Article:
Around the same time Arne leaves, his virtual doppelganger arrives. Indeed, Laurin mistakes the local Pastor’s (Endre Kátay) son Van Rees (Károly Eperjes) for her own father when he arrives on ship. Van Rees is a secretive and seemingly impenetrable man with a somewhat flat affect who becomes Laurin and Stefan’s schoolteacher and he seems to develop a special interest in both of them for varying reasons. When Stefan is bullied in class by a couple boys, his mother Greta invites the teacher over for dinner, but on Van Rees' arrival at the house, he overhears the young mother talking with his Pastor father. It turns out that the Pastor has been carrying on an affair with Greta Berghaus and Stefan is his bastard son, thus making him Van Rees’ half-brother. Van Rees’ mother died when he was just a boy and his Pastor father, who never got over the death of his wife, abused his son during his childhood, hence his disdain for religion and rather peculiar relationship with both his father and young children. While the Pastor is such a puritanical man that he refuses to have mirrors in house because they are purportedly “instruments of human vanity,” that does not stop him from screwing a young woman that, in terms of age, could be his daughter. Eventually, Stefan disappears and Laurin goes looking for her friend, which eventually leads her to theorizing that Van Rees is involved as she finds her missing friend's glasses in the mouth of an evil-looking black wolfdog owned by the Van Rees family. Indeed, in an earlier and rather disturbing scene in the film, Van Rees crudely gazes at his ½ bastard brother Stefan’s naked body from an outdoor window, as if turned on by the little lad. Eventually, Laurin finds a secret door in the floor at some ruins near the local church that leads to a purgatory-like basement ‘sex dungeon’ of sorts where Van Rees takes his little boys. While Van Rees eventually finds Laurin hiding in a closet and states to her in a somewhat sinister fashion, “I don’t like having little girls spy on me,” the little girl manages to escape his limp-wrist pansy grasp. Of course, knowing that the little girl is aware that he is a pernicious pedophile serial killer, Van Rees stalks Laurin all the way back to her house and intends to kill her slasher-style with a knife. Through a dream-sequence, it is revealed that Laurin’s mother actually died by accident after falling off the bridge while attempting to escape from Van Rees upon spotting him carrying the dead gypsy boy. To scare Van Rees, Laurin has the bright idea to wear her dead mother’s cloak, thus tricking the killer into thinking he is seeing a ghost of the women whose death he inadvertently caused. Indeed, Van Rees panics upon seeing Laurin dressed in the ghostly cloak, thereupon causing him to fall backwards down some stairs and eventually die in a freak accident after a large nail sticking in the wall enters the back of his skull and penetrates his diseased brain. After Van Rees dies, blood trickles from his eyes as if he is weeping as a result of his miserable childhood and in sympathy for all the children he has killed. As for Laurin, she feels empowered by wearing her belated mother's cloak, especially after using it to kill her mother's killer.
Interestingly, apparently director Robert Sigl received an exceedingly negative response from both students and professors while attending Munich Film Academy due to the homoerotic and even incestuous nature of his films, with his 20-minute short Der Weihnachtsbaum (1983) aka The Christmas Tree being deemed especially offensive due to its supposed depiction of pathological sadomasochistic relationship between a father and son. In an interview with the director featured in the book Caligari's Heirs: The German Cinema of Fear after 1945 (2006), Sigl stated regarding his less than ideal experience at film school and his decisive desire to change his style for his first feature so as to make it more accessible to a more general audience: “I guess some people felt personally offended because of the psychosexual symbolism and theme. In LAURIN, I packaged all this by phrasing it in the psychosexual terms of a fairy tale by the Brothers Grimm, which made it more palatable to a broader audience. This way, it's more subliminal. Because I do want to reach a lot of people, even entertain them. But that doesn't matter much in one's first efforts as a filmmaker; they're usually more about refining one's style anyway. As a matter of fact, an idiosyncratic style doesn't seem to be much in demand these days. Someone like Polanski, Lynch, or Cronenberg would have a hard time if they were starting out today.” Indeed, Laurin is like the Brothers Grimm meets Leopold and Loeb as set in a living Caspar David Friedrich painting, which makes for a shockingly aesthetically fruitful combo that can be appreciated by both adults and children alike. While Sigl’s first feature Laurin was a hit upon its release and went on to develop an international cult following of sorts, the director has yet to direct anything else nearly as interesting, as if he was perennially jinxed by the greatness of his debut film. Aside from a couple TV movies, including the Scream rip-off Schrei - denn ich werde dich töten! (1999) aka School’s Out, which was distributed in the U.S. by Fangoria, Sigl has mainly spent most of career directing miniseries, including the Twin Peaks-esque Stella Stellaris (1993), as well as episodes of popular German TV series like Lexx (1997-2002) and Tatort (1969–current). Apparently, the last episode of Tatort that Sigl directed caused much controversy in Deutschland, as it featured an incestuous sex scene. Why Sigl decided to abandon the glorious path he created with his masterpiece Laurin and went on to direct less mature works is questionable, but at least the director demonstrated for a moment during the late-1980s that somewhere deep down in the German collective unconscious lays the dark legacy of the Brothers Grimm. Sort of like an (anti)Heimat take on Fritz Lang’s masterpiece M (1931) in its depiction of a pathetic and mentally peturbed pedophile serial killer, Laurin is undoubtedly one of the sickest celluloid fairytales ever made as a work depicting a man lusting over and assumedly killing his own prepubescent ½ brother, yet Sigl directed the film in such a carefully cultivated, nuanced, and poetic fashion that it never seems like cheap horror trash, thus reminding the viewer why Germany is the same nation that produced H.H. Ewers and F.W. Murnau.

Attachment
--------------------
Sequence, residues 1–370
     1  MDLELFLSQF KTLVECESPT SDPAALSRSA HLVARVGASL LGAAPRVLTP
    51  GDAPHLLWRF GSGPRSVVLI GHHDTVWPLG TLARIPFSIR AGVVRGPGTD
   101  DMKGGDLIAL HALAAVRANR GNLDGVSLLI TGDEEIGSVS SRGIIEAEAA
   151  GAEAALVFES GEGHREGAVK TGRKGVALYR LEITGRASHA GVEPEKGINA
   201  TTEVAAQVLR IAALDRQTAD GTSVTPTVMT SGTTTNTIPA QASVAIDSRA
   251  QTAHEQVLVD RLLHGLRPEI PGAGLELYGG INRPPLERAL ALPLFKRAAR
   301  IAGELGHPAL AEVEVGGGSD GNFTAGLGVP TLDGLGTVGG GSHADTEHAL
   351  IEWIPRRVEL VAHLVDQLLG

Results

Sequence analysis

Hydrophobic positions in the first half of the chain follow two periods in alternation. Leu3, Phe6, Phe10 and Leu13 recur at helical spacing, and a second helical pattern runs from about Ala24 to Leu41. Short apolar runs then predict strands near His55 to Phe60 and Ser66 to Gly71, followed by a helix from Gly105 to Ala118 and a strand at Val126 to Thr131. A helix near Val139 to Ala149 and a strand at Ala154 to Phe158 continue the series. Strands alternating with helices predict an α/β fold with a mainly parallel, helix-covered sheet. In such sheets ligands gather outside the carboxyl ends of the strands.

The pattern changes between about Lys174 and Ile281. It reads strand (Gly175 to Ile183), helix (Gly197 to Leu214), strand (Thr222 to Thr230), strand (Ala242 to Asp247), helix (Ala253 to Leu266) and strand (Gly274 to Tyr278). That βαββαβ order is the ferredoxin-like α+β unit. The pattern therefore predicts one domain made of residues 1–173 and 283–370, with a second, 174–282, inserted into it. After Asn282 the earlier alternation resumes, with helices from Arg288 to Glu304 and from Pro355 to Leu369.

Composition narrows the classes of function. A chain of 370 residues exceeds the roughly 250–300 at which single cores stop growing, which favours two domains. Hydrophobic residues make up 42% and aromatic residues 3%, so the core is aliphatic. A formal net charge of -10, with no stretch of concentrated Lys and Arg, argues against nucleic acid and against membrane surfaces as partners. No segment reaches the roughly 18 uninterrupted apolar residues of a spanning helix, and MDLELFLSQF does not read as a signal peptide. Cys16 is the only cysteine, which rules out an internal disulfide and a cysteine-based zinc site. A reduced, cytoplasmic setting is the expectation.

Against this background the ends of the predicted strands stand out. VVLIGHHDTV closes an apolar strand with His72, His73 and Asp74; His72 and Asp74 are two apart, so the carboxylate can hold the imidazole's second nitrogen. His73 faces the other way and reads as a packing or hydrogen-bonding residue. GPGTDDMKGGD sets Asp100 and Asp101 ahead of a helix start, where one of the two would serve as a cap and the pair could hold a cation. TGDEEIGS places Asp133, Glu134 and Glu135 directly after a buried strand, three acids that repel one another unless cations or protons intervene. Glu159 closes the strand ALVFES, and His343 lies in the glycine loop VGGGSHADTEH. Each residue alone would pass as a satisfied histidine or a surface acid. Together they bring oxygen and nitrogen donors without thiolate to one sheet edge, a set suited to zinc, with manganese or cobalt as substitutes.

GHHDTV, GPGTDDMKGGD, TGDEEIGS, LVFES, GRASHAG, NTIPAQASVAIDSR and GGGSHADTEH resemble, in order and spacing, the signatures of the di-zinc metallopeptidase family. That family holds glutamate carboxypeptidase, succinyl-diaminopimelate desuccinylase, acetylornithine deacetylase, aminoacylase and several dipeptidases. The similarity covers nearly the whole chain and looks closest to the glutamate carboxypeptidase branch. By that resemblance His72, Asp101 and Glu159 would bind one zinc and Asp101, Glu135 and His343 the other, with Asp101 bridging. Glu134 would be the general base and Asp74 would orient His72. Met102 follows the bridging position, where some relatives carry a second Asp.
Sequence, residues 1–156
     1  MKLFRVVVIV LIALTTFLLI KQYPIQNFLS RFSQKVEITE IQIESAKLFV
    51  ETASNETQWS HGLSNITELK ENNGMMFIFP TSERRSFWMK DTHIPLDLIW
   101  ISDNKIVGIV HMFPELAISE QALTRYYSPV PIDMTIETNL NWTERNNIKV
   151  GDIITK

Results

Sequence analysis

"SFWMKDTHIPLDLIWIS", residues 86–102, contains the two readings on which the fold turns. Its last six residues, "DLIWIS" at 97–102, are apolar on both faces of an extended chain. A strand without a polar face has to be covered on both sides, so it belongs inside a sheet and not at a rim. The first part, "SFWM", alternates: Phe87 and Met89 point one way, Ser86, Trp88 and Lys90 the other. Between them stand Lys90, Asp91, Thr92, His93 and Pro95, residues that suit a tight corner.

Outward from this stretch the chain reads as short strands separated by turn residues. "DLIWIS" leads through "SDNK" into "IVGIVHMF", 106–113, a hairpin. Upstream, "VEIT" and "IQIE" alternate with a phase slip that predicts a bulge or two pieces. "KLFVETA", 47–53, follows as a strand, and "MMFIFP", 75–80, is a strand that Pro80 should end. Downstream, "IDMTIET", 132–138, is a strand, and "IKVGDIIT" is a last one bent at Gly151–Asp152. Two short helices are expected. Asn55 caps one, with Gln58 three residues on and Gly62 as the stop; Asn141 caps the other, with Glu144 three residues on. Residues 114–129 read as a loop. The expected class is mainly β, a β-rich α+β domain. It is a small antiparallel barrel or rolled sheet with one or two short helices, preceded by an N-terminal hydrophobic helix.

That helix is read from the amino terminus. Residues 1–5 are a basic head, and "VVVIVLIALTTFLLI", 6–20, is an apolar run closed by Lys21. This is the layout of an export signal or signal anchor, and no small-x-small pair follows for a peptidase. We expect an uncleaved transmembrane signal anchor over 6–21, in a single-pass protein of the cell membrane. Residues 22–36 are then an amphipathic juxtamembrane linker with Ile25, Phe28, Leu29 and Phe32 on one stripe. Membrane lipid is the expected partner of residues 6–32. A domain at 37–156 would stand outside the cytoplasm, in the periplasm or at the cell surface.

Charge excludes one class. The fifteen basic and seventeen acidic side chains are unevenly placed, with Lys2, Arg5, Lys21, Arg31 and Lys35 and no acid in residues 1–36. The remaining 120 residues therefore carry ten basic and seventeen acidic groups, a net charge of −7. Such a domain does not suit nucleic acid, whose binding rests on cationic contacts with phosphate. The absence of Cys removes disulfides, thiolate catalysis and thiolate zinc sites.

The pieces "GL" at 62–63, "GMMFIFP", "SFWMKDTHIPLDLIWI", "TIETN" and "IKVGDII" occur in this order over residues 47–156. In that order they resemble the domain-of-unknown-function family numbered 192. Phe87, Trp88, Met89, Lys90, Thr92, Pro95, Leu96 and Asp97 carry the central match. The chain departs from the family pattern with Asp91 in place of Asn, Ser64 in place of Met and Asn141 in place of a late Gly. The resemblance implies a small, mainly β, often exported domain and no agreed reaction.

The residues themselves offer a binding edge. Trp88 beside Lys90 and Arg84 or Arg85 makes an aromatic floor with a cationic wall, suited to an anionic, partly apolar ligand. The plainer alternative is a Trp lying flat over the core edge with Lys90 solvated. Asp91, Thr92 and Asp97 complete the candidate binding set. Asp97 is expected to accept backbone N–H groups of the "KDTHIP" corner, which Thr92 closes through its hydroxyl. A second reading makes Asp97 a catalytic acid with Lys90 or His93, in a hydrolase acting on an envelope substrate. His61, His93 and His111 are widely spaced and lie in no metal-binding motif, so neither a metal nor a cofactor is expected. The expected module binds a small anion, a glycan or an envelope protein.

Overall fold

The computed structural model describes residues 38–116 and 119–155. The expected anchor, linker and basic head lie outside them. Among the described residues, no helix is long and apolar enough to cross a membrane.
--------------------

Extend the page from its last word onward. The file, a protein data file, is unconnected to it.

Posted by Soiled Sinema at 2:32 AM
Soiled Sinema 2007 - 2013. All rights reserved. Best viewed in Firefox and Chrome.